- Put your teaching into practice so your kids can “see” you actively make decisions about sharing a portion of your money, saving a portion and spending a portion. These are the three options we all must weigh with the dollars we have. The amount of money is not the focus, but rather the concepts of the various ways we use money.
- SHARE: With whom do you share your money? Are there charities, non-profits or causes you support?
- SAVE: What is something you are saving money for? Do you have a special account to save for retirement, healthcare expenses or school for your kids or grandkids?
- SPEND: How do you plan for how much money to spend on something? Do you have an amount you spend each week on groceries for example?
- Start early with an allowance. Let your kids practice sharing a portion, saving a portion and spending a portion. You can even set up three jars labeled to help them “see” the three pots of money and talk about how they want to share, save and spend. Having many conversations and learning how to manage these decisions on a small scale will help them to be well-prepared as they go out on their own.
There is a true art to keeping our financial lives in balance. RGT offers deep knowledge and breadth of experience to give clients peace of mind as they navigate their financial worlds. RGT is committed to helping our clients make smart financial decisions, for this generation and the next.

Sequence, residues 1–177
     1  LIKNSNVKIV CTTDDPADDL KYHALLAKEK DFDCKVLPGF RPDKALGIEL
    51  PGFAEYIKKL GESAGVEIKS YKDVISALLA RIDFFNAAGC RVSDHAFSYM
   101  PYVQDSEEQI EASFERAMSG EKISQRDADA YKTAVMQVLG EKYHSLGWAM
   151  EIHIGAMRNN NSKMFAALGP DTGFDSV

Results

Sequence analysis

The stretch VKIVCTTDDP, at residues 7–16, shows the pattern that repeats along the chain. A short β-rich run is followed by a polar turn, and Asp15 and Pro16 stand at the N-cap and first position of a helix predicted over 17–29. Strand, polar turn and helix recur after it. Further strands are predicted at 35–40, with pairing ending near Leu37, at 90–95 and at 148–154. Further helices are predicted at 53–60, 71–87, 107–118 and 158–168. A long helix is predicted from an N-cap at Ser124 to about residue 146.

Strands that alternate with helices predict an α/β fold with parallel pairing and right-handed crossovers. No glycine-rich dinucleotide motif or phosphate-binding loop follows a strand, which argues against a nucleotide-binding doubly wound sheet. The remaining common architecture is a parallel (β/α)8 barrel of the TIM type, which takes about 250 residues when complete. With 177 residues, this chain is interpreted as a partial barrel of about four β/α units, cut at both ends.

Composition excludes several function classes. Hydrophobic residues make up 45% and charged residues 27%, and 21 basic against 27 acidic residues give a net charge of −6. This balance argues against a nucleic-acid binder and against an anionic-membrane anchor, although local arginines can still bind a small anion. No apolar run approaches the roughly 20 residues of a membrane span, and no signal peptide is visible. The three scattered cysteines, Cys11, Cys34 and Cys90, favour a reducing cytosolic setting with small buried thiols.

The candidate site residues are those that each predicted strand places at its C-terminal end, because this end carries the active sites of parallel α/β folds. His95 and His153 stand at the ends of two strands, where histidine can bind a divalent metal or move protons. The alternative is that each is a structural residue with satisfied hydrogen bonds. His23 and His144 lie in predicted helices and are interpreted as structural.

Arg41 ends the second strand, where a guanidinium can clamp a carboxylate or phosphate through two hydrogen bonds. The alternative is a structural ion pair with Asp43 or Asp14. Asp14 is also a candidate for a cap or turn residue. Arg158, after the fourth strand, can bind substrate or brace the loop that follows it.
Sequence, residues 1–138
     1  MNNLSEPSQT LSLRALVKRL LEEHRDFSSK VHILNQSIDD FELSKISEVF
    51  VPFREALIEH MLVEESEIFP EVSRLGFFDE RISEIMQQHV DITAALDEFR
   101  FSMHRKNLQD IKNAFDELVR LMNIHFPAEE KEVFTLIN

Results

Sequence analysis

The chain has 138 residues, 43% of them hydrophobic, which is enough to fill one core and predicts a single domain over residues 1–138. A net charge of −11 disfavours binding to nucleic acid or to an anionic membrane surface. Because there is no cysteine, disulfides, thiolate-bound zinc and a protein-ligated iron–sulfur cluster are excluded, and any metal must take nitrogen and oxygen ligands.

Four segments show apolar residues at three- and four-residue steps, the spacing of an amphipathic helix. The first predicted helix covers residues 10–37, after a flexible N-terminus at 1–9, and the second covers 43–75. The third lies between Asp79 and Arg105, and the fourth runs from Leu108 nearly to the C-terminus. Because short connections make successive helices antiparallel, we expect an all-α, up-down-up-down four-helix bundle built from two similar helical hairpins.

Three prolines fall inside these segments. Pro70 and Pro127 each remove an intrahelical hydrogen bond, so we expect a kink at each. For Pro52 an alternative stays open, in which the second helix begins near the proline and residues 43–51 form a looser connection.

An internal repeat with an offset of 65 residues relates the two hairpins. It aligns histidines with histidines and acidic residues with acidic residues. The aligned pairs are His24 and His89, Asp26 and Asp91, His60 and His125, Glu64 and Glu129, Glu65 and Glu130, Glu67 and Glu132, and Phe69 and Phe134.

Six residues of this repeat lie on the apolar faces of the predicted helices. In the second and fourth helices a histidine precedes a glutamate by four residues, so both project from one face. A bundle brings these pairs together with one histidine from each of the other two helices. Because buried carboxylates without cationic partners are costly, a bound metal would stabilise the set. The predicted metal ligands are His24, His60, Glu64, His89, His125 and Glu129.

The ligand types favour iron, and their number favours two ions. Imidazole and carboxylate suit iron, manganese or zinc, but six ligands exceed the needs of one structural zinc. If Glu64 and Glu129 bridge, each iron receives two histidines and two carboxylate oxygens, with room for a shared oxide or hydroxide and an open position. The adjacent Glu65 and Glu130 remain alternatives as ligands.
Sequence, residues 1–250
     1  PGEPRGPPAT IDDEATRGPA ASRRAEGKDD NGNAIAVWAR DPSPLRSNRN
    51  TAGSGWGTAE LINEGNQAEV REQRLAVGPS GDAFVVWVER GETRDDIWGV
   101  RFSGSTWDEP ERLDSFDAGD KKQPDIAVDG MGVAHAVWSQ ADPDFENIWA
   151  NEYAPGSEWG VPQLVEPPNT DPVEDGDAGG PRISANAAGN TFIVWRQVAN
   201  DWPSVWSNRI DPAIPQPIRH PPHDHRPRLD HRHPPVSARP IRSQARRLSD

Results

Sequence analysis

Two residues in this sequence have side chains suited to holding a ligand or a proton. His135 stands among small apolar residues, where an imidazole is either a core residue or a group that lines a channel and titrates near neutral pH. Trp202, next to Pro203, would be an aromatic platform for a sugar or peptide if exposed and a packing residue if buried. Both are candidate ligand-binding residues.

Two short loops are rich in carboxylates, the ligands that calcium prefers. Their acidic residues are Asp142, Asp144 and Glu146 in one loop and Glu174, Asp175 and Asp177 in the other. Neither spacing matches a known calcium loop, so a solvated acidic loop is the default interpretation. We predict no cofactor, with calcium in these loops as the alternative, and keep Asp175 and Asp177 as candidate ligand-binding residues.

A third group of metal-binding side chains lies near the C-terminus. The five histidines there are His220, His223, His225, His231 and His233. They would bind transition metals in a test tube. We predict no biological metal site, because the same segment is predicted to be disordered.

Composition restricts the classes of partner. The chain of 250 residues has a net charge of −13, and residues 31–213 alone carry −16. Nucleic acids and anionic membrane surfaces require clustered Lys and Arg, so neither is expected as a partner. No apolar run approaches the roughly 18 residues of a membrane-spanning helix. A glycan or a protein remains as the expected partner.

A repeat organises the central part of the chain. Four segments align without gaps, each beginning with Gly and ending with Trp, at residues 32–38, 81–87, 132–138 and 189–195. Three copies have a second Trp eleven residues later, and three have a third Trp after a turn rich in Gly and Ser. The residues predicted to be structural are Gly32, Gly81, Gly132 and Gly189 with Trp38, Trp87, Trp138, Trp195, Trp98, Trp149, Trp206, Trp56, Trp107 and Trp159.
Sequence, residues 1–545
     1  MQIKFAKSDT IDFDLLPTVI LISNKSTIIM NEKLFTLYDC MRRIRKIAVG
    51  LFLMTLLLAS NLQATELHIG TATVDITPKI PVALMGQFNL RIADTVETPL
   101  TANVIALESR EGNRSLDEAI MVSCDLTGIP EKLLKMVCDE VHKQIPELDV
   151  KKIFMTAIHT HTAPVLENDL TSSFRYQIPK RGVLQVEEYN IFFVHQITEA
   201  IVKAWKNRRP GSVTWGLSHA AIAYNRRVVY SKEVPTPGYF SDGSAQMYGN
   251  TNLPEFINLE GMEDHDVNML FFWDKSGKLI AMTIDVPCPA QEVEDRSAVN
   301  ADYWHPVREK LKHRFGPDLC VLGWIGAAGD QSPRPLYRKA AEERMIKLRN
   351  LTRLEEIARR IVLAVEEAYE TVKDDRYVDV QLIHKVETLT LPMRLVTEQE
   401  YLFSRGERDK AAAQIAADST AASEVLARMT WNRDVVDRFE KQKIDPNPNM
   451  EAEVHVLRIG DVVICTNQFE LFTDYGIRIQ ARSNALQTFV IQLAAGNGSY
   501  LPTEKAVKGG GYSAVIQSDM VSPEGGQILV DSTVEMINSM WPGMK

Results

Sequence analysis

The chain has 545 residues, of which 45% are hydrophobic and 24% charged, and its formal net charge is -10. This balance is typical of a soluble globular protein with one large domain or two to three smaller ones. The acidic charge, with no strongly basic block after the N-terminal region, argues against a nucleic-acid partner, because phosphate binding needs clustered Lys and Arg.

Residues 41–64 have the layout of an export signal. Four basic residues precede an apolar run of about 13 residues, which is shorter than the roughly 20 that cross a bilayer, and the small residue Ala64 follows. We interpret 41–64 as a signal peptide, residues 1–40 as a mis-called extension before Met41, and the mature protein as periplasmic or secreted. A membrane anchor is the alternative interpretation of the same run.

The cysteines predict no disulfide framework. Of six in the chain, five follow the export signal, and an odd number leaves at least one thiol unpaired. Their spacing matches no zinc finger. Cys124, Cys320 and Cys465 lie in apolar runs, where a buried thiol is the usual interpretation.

“The lark’s on the wing; The snail’s on the thorn; God’s in His heaven— All’s right with the world!” from Pippa Passes, by Robert Browning.
Financial markets continued their seemingly inexorable march forward in the third quarter despite a raft of worrisome news ranging from the ongoing political turmoil emanating from Washington D.C. to the devastating impact of three large hurricanes making landfall on the U.S. mainland and Puerto Rico. Much like the titular character in Robert Browning’s poem Pippa Passes, market participants seem to see all that is right with the world, and when confronted with unpleasant realities they, like Pippa, construct a narrative more palatable to their optimistic worldview. Thus far this year financial markets have focused on economic growth, both in the U.S. and across the globe. In its most recent release, the Bureau of Economic Analysis estimated second quarter U.S. GDP growth at 3.0%. The IMF’s latest estimates of global GDP growth came in slightly higher at 3.5%. A quiet corporate earnings season and slightly rising oil prices seemed to have positive effect on market sentiment.